I recently placed a web order with a well-known US retailer for holiday gifts for my family. So with their catalog on my desk and my laptop in my hands, I launched their site to place my order. I should have known I am in for future trouble when I had to rely on my printed catalog to place my order. The site was cumbersome to shop, the customer experience quite poor and overall it was not conducive for easy search and retrieval of information. But heck, they seemed to have their items nicely displayed in their catalog, I knew it will make a great gift, they claimed the items are available for immediate shipment, and even my credit card seemed to have been accepted. What I did not know was that the waiting game and frustration was about to start.
Over the past several years I’ve seen a trend where organizations that have been implementing web strategies are focusing on solutions to significantly improve their business. This is especially true for sites that enable their customers to conduct business with them over the web. The old days of implementing “static” sites that basically place a version of their company business cards and marketing material on the web are being replaced with practical and effective systems that make it easier for your customers to do business with you at their convenience. Not only do these web systems improve your organization effectiveness and efficiency while allowing for profitable business growth, they enable you to gain competitive advantage while also becoming the expected norm by your customers. When developing Internet solutions that enable your customers to conduct e-business and / or e-commerce transactions with you, the key distinguishing factor is understanding the difference between integrated vs. non-integrated web solutions.
First let’s cover some of the basic web functions your customers expect:
- Browsing of your online catalog
- Easy way to search and retrieve information
- Logon with a unique username and password to access:
- Personalized pricing
- Browse and maintain personalized catalog or order guide
- New order placement
- Ability to user credit card or charge to account on file
- Pending order status with back order BO report and integration to shipping carrier web site
- Inquiry to purchase history and reports
- Inquiry to account status
When planning for your future site, you have two major paths to select from. First is the non-integrated method, which does allow for the development of a powerful web site. However, these sites by nature of their non-integrated way to the back-end financial system require a lot of extra maintenance and duplication of data and efforts. Customers and items for example have to be setup once on the financial software and once on the web system. Anytime changes are made to customers such as address, credit limit or other changes, they have to be duplicated on both systems. The same apply to all other databases since they exist on two separate servers or separate systems. When orders arrive through the web they have to manually be entered into the financial software for processing and the same applies when orders are shipped. Programs can be written to transfer data between the two systems, but this is cumbersome and creates a delay of how recent the data is updated or synchronized between the two systems. Also, when business logic changes are implemented on one system, they have to be copied to the other. The main reasons organization select this non-integrated way are usually economical, simpler and faster to implement on the web side, and their financial software is often outdated.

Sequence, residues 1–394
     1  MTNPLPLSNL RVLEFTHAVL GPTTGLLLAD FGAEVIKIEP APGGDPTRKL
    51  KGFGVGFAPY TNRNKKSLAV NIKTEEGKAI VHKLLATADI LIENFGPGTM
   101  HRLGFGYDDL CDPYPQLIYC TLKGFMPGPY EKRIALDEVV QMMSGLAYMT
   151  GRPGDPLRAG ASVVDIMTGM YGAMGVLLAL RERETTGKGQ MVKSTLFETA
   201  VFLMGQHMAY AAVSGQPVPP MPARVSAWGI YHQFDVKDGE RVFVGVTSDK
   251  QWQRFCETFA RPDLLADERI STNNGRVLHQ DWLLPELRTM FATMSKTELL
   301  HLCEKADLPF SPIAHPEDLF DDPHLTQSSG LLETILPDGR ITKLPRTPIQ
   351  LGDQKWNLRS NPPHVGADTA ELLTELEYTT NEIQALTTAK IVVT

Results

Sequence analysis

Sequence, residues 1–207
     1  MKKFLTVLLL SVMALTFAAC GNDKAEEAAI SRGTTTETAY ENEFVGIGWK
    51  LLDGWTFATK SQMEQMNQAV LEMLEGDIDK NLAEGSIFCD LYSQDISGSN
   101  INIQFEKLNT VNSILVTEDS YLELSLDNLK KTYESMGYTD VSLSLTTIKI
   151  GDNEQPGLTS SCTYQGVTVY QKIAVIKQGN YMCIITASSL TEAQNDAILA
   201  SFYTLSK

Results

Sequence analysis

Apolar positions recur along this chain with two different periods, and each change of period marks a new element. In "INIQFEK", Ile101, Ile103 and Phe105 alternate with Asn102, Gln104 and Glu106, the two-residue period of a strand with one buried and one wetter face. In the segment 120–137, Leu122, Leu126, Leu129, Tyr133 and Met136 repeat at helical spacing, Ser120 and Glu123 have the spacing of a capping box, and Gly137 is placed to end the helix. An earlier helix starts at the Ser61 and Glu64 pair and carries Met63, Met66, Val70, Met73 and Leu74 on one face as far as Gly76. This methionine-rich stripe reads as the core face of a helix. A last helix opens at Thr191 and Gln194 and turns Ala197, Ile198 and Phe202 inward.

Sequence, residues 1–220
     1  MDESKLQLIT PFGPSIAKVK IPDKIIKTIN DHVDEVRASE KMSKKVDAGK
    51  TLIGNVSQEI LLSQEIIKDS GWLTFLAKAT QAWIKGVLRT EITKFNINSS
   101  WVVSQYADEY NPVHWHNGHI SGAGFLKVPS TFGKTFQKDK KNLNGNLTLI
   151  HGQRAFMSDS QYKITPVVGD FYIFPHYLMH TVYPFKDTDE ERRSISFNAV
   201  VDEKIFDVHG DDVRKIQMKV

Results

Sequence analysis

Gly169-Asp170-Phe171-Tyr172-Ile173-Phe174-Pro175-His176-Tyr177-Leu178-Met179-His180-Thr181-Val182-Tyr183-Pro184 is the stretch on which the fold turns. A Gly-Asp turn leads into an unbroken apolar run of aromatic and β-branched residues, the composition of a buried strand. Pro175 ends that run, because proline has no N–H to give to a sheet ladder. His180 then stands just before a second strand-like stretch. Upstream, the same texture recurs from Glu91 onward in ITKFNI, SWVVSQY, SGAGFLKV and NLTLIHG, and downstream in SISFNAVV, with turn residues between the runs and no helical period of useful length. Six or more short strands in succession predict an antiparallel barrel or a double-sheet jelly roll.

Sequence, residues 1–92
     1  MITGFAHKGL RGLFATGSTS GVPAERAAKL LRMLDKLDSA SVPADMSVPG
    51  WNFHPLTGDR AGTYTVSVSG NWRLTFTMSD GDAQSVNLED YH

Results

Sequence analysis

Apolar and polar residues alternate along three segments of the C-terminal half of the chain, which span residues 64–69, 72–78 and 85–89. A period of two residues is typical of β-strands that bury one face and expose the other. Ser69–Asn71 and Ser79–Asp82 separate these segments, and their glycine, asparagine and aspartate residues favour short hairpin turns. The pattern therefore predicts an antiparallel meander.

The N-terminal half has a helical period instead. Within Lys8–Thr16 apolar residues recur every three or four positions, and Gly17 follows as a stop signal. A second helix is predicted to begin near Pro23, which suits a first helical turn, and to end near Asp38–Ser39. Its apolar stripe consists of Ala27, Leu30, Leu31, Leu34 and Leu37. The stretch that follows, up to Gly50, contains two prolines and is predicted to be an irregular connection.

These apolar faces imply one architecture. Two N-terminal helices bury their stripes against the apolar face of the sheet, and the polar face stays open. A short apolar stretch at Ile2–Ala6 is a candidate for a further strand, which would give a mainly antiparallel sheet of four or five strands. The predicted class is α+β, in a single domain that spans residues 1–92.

The second option is the integrated way. This method incorporates the power of the financial software, which integrates in real-time to the web solution. The data occurs only once on the server which prevents duplication. Changes reflected in the database are immediately and instantaneously available to the web. For example if a customer address is changed in the financial software, that change immediately is available on the web. If item quantities and availability have changed, they instantaneously display when customers check for their availability on the web. Even though such systems require careful planning and are more complex to implement, the increased efficiency, productivity and profitability to your organization are immense. The most successful organizations opt to use this integrated method. There are some newer ways such as direct link between your customers’ computer systems and yours, which require XML but this is for another article.
Weeks after I placed my order, I got a postcard saying that the items I ordered are on back order while one of the items already showed up in my mailbox. It is the end of January and I am still waiting for my December promised gift items. Not only is their archaic system unable to use the Internet to notify me of the status of the items, it is apparent that their non-integrated approach has created a business chaos that has frustrated one of their customers and is about to cost them additional and precious dollars – the cancellation of my order.